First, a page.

A controversial project to build the worlds largest nuclear power station in India could involve British companies, among them Rolls Royce and Serco, under plans to be discussed in Mumbai this week. A high-level British trade delegation will arrive today to discuss how companies can participate in building six giant reactors at Jaitapur on the west coast. This is the first significant sign of improved trade links between the countries after David Cameron signed a pact to share civil nuclear technology during a visit last July. The 13.5 billion nuclear park near Ratnagiri in Maharashtra province will have a capacity of 9,900 megawatts more than the combined output of eight Sizewell B power stations. John McNamara, a spokesman for Britains Nuclear Industry Association (NIA), which is helping to organise the delegation, said that the Jaitapur project was certainly of interest to its members, which include Rolls Royce, Atkins, Serco and dozens of other engineering groups. He said that the opportunity for British companies to participate in Indias ambitious plan to quadruple its nuclear power output by 2020 was exciting. The delegation will be led by Lady Barbara Judge, the former chairman of the UK Atomic Energy Authority, and Keith Parker, the chief executive of the NIA. The Jaitapur project, which will more than double Indias current nuclear electricity capacity of 4,000 megawatts, has drawn fierce criticism from environmental groups, concerned that it is being built in an ecologically sensitive area in an earthquake zone and that villagers will be displaced by the development.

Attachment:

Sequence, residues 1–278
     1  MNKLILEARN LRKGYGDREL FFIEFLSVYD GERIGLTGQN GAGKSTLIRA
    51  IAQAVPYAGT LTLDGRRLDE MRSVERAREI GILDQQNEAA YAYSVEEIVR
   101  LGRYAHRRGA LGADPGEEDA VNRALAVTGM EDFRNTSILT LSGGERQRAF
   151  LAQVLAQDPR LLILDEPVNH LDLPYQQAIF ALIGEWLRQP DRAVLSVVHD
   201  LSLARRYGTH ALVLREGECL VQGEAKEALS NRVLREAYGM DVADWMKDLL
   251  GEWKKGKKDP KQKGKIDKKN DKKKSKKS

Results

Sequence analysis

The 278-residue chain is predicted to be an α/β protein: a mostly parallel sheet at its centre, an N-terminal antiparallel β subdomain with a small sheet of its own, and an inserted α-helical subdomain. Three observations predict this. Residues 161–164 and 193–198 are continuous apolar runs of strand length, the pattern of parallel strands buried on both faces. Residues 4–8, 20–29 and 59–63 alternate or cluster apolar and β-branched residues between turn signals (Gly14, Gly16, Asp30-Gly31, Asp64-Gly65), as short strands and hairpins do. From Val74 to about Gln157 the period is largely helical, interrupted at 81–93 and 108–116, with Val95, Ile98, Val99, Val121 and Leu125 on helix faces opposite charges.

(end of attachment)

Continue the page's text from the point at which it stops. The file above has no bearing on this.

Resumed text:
Times 21st Feb 2011 more >>
France’s nuclear policy council on Monday unveiled measures to streamline and unify a nuclear industry plagued by technical issues and public disputes that have tarnished its image abroad. Among a set of measures aimed at reshaping one of France’s most sensitive industries after the loss of a landmark deal in Abu Dhabi in December 2009, the council called on Areva to turn its uranium mining arm into a subsidiary, and cooperate with EDF and GDF Suez to develop a new reactor. The government holds over 80 percent of EDF’s capital and about 90 percent of Areva’s.
Yahoo 21st Feb 2011 more >>
Pakistan is on the verge of overtaking Britain as the world’s fifth largest nuclear power at a time when the country faces an unprecedented threat from extremists. American intelligence agencies believe that Pakistan now has more than 100 deployed nuclear weapons, an increase of nearly 40 per cent in two years.
Daily Mail 22nd Feb 2011 more >>